Pocatello police find 3,000 fentanyl-laced counterfeit pills

This photo shows about 3,000 counterfeit pills disguised as oxycontin that contain the deadly synthetic opioid fentanyl. Pocatello police found the pills near the City Creek trailhead on Thursday.

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POCATELLO — Local police have a warning for Gate City area residents — the deadly synthetic opioid fentanyl is increasingly being mixed with or disguised as other drugs and has become significantly prevalent within the region.

Pocatello Police and other investigators with a multi-jurisdictional drug enforcement agency located in the City Creek trailhead area around noon Thursday a thermal canister typically used to keep beverages hot or cold that contained approximately 3,000 counterfeit pills laced with fentanyl and disguised to look like 30 milligram oxycodone hydrochloride.

“Earlier today, members of our narcotics task force were in the City Creek trailhead area and located a canister containing approximately 3,000 pills that are believed to be fentanyl-laced counterfeit oxycontin pills that are very dangerous,” said Pocatello police Capt. Bill Collins. “We want to warn the public that if you see something out in public, don’t touch it, call local police and the officers can come and look at it.”

Collins said the prevalence of fentanyl — a controlled substance about 100 times more potent than morphine that’s typically used to treat patients with chronic pain or severe pain after a surgery — is circulating across the United States, but has particularly hammered the Pacific Northwest region of the country. The pills discovered in Pocatello carry a street value between $60,000 and $90,000, Collins added. Pocatello police have seen fentanyl-laced narcotics within the Gate City area off and on consistently over the last several years, said Collins, adding that the discovery of such a large quantity of pills out in the open, however, is a first for the department.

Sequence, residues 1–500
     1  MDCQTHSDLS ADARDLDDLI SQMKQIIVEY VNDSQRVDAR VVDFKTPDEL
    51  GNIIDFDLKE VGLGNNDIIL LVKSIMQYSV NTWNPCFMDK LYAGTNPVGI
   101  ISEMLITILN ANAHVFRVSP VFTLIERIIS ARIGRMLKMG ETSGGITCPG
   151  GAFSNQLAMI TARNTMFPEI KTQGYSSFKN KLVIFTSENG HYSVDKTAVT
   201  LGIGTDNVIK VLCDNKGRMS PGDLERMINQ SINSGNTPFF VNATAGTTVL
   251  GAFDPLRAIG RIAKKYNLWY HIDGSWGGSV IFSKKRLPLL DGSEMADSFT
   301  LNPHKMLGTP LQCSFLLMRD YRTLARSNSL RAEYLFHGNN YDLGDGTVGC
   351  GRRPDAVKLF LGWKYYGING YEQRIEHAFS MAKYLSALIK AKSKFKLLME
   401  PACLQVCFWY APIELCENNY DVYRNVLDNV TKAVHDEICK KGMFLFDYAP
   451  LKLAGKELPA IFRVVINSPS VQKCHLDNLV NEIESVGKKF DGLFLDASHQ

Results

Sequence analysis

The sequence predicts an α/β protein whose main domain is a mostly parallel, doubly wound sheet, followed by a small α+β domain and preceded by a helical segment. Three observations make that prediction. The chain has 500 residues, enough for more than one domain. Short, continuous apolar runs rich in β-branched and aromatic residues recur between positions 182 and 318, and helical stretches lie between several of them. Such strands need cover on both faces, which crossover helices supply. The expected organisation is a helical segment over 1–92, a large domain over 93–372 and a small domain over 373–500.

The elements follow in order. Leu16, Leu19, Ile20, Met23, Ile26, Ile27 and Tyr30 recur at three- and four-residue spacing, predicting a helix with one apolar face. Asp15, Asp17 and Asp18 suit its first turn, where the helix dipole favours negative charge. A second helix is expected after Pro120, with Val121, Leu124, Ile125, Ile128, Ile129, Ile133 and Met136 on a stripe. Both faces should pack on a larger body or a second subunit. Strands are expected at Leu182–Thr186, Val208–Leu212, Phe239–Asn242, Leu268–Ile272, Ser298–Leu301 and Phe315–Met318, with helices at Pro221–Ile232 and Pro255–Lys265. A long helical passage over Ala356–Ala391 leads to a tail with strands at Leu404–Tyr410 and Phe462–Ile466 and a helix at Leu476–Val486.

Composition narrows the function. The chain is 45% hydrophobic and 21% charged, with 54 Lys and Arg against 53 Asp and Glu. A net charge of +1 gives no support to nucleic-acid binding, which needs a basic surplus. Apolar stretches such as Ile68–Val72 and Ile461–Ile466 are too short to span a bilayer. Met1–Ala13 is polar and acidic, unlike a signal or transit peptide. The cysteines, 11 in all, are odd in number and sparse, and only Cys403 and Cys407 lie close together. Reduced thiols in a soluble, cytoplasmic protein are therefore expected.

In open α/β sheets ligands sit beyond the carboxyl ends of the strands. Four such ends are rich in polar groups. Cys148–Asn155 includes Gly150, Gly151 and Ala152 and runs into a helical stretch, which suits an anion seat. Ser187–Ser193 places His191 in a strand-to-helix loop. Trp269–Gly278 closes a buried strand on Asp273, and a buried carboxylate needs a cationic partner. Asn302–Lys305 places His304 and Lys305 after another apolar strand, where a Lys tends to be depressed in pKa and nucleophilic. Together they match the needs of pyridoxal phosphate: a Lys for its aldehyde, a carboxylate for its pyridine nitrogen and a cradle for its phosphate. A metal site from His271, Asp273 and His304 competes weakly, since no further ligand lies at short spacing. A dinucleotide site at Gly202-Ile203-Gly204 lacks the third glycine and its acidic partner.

According to the United States Drug Enforcement Administration, illicit fentanyl is primarily manufactured in foreign clandestine labs and smuggled into the United States through Mexico.

“In the Pacific Northwest over the last few months we have just been inundated with these pills,” Collins said. “They are all across the country but in our area we have seen a large increase in them. These pills are mostly manufactured in Mexico, are part of the cartel and are not legitimate.”

Exemplified by the discovery of the 3,000 counterfeit oxycontin pills located in Pocatello on Thursday, fentanyl is being mixed in with other illicit drugs to increase potency, being sold as powders and nasal sprays and increasingly pressed into pills made to look like legitimate prescription opioids, says the DEA, adding that because there is no official oversight or quality control, these counterfeit pills often contain lethal doses of fentanyl, with none of the promised drug.

Further, producing illicit fentanyl is not an exact science. The DEA says two milligrams of fentanyl can be lethal depending on a person’s body size, tolerance and past usage. DEA analyses have found counterfeit pills ranging from .02 to 5.1 milligrams — more than twice the lethal dose — of fentanyl per tablet.